Having lived in Cyprus for the last decade, I’ve invested an incredible amount of time into learning to speak Greek–with, I am sad to report, only modest success. All those hours conjugating verbs and wondering why one language could possibly need 12 versions of “the” definitely helps me communicate with friends, family, and supermarket checkout clerks. But I sometimes wonder, given there are only 12 million Greek speakers in the world and the fact that I have a business to run, was this really the best use of so much of my energy and time?
Linguists and psychologists insist that learning foreign terms broadens the array of words we can use to describe the world around us and our reactions to it. Which isn’t just handy for communication. Being able to more accurately describe your feelings and experiences actually helps you understand and control your emotions. A richer vocabulary leads to more emotional and practical smarts.
In English we lean heavily on the word “happiness” when we want to convey an overall sense of contentment. But psychologists say the word is problematic; there are several different types of happiness. There is the momentary joy of pleasant sensations–the kind of happiness you get from eating a slice of cake. And then there is the overall feeling of accomplishment that comes from a life well lived, which researchers–if not laypeople–generally distinguish by using the term “life satisfaction.”
This might be a distinction everyday English struggles to express, but ancient Greek provided a word to convey the larger sense of overall life satisfaction. “Eudaimonia is regularly translated as happiness or welfare; however, ‘human flourishing or prosperity’ and ‘blessedness’ have been proposed as more accurate translations. In Aristotle’s works, eudaimonia was used as the term for the highest human good,” explains Classical Wisdom.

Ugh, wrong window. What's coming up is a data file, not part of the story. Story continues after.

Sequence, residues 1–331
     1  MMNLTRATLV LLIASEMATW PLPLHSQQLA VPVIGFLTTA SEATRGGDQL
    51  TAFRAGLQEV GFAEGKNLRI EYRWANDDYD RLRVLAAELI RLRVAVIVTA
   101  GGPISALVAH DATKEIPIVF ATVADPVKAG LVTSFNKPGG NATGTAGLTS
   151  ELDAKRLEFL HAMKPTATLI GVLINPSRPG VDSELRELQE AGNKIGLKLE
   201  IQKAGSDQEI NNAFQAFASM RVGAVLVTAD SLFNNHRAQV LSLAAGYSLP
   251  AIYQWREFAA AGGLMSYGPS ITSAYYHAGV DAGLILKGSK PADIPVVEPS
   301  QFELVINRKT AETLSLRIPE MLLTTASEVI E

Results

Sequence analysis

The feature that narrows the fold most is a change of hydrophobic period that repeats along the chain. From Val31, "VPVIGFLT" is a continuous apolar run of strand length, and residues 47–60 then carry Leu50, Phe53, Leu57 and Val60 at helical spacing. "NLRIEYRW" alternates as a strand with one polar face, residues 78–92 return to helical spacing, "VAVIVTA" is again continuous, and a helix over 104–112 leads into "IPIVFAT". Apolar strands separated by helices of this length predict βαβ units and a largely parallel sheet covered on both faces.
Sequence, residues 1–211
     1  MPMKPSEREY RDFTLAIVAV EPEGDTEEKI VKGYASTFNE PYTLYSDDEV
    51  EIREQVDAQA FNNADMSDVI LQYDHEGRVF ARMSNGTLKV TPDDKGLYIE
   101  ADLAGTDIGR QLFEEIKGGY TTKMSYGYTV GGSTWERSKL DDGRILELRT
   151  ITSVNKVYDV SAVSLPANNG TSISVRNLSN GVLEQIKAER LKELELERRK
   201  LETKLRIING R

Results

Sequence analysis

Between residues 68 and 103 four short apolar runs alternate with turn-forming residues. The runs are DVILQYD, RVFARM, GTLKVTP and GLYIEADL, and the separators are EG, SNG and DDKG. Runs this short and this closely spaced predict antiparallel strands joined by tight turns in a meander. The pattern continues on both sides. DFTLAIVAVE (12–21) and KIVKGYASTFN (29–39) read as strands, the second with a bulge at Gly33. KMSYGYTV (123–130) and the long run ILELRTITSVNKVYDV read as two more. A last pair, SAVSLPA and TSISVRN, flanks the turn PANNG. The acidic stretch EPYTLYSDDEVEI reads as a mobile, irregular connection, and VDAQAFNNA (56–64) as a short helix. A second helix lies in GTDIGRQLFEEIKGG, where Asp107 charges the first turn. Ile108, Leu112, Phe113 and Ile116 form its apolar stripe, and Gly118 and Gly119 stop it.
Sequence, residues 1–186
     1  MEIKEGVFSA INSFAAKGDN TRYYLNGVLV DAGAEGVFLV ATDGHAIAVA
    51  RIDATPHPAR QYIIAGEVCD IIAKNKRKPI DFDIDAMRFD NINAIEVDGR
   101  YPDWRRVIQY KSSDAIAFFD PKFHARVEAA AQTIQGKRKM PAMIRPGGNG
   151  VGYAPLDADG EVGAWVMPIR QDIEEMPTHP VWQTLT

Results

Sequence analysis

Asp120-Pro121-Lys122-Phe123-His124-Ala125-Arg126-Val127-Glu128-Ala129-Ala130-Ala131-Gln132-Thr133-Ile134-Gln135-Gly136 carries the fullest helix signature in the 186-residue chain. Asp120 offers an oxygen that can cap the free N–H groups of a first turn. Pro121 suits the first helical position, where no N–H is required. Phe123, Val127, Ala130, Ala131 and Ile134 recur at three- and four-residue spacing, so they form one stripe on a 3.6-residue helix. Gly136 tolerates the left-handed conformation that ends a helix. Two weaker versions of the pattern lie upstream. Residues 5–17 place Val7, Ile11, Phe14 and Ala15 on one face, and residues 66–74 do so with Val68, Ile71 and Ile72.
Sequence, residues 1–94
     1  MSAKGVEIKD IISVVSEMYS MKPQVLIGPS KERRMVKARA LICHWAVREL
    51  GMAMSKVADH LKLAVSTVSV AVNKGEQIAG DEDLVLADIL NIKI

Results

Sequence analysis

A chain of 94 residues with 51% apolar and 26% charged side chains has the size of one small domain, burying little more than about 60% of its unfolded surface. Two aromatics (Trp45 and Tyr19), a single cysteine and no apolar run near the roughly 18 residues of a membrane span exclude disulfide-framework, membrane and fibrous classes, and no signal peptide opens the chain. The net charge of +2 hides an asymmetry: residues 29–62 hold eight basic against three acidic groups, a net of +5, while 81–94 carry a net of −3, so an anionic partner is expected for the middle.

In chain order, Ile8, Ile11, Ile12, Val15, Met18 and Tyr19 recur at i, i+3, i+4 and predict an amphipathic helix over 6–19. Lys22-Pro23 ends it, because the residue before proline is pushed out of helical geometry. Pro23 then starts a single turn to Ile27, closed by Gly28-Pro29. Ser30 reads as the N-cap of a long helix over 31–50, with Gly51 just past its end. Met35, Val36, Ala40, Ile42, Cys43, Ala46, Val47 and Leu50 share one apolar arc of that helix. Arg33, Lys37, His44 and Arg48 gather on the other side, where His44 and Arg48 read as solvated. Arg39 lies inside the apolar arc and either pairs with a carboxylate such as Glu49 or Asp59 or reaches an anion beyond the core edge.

Having a word that conveys the idea of this higher happiness — the sum total of a life well lived and the peace and satisfaction it brings — and reminds us of the sacrifices it generally takes to achieve could help us all navigate the complex tradeoffs of modern life.
“Arete in its basic sense, means ‘excellence of any kind.’ The term may also mean ‘moral virtue.’ In its earliest appearance in Greek, this notion of excellence was ultimately bound up with the notion of the fulfillment of purpose or function: the act of living up to one’s full potential,” explains Classical Wisdom.
Why might this be a useful word to know even if you’re not planning to translate Homer anytime soon? People throughout the ages have wondered what to chase in life. Many today strive to be “successful.” But how do you measure success? Usually by looking at whether you’re doing better than your neighbor or work rival. And there is always someone with a bigger bank balance or fancier title than you. You can never get off the treadmill, and the constant running makes a lot of people miserable.
I don’t think I’m going to have to say a lot to convince you that aidos is a concept the modern world is in desperate need of.
Aidos is “that feeling of reverence or shame which restrains men and women from wrong. It also encompassed the emotion that a rich person might feel in the presence of the impoverished, that their disparity of wealth, whether a matter of luck or merit, was ultimately undeserved. Ancient and Christian humility have some common points, they are both the rejection of egotism and self-centeredness, arrogance and excessive pride, and is a recognition of human limitations. Aristotle defined it as a middle ground between vanity and cowardice,” says Classical Wisdom.
Less ego and a greater appreciation for the role of luck in success would make for a more pleasant and compassionate society. But even if you’re not interested in a kinder world (and you really should be), intellectual humility helps you learn faster, listen better, and be smarter. Aidos, which encompasses both the precariousness of good fortune and the possibility of error, is a quality that’s in conspiculously short supply in our divided society.
If you’re fascinated by these ancient Greek concepts and how they illuminate modern life, check out Classical Wisdom for many more.